Kazakhstan is not only the ninth largest country in the world, but members of 120 nationalities also live on its territory. The diversity of languages, religions, traditions and cultures is correspondingly large – even if in the past the “Soviet” was unmistakable and today “Kazakh” is increasingly in the foreground. In addition, the living conditions and population composition differentiate in individual parts of the country, of course also between city and country and the generations, so the following information can only give a rough idea of THE society and culture of Kazakhstan. Based on the official usage in Kazakhstan, we are talking about Kazakhstans when all citizens of Kazakhstan, regardless of nationality, are meant, by Kazakhs when the focus is on the Kazakhs that give the state its name.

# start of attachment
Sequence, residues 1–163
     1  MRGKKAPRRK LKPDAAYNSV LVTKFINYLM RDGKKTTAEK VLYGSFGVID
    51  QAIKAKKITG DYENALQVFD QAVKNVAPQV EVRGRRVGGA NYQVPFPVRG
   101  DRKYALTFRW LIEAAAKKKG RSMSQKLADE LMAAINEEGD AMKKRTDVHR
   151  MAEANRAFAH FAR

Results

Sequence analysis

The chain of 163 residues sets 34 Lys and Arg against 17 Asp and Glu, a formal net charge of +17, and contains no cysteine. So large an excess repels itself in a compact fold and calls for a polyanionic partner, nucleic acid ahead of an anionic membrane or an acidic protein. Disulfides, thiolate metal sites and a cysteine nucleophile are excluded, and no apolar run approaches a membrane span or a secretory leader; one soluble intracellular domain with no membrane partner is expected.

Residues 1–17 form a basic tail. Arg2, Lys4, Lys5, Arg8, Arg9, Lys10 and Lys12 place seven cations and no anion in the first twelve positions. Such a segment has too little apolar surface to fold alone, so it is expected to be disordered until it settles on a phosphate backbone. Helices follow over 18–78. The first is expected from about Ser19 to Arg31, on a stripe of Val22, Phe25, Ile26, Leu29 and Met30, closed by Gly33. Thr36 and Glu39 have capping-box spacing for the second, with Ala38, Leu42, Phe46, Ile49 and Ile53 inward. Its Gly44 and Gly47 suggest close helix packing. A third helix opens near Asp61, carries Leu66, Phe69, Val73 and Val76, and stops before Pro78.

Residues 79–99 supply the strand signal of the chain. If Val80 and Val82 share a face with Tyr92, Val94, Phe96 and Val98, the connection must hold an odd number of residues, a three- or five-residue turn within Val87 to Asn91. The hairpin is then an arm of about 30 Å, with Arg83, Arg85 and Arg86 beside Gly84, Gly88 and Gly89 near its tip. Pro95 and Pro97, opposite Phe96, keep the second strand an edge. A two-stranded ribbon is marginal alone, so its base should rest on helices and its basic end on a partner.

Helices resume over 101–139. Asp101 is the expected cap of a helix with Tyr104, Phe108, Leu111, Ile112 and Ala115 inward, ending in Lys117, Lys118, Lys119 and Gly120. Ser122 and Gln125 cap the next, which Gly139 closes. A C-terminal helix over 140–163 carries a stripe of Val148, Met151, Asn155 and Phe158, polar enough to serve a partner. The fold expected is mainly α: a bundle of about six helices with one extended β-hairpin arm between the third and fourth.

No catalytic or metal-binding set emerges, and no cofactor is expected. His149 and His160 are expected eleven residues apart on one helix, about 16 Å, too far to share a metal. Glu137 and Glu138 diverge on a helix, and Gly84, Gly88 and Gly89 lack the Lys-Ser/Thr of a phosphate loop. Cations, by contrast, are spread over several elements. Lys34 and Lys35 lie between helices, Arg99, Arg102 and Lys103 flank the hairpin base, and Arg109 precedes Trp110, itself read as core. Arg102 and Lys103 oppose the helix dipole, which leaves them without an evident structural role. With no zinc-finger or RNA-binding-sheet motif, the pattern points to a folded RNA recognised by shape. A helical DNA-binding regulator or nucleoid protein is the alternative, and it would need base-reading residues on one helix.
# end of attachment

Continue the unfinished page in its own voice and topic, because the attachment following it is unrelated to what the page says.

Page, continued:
Ethnic diversity is historically relatively new. According to extrareference, the steppe was originally only inhabited by the nomadic Kazakhs. From the second half of the 19th century. First wandered the country seeking a Russian peasants in the Soviet era were Russians among others nationalities of the Soviet empire as industrial workers in the Kazakh SSR. Through the deportation of entire peoples, including the Volga Germans, Koreans and Chechens under Stalin, the national composition was changed again. The different ethnic groups were and are distributed regionally and socially differently: Russians and Ukrainians live predominantly in the north of the country and in the (industrial) cities, Kazakhs and members of other Central Asian nationalities more in the south and in the countryside, some smaller ethnic groups are locally concentrated. Turk-speaking Muslim Ujghurs and Chinese-speaking Muslim Dungans have their historical settlement focus in Xinjiang, part of the PRC, but larger groups have been living on the territory of Kazakhstan for a long time. The Chinese policy towards Muslims in Xinjiang is currently causing unrest among Ujghurs and Kazakhs in Kazakhstan and set in motion a wave of emigration of Kazakhs living in China to Kazakhstan.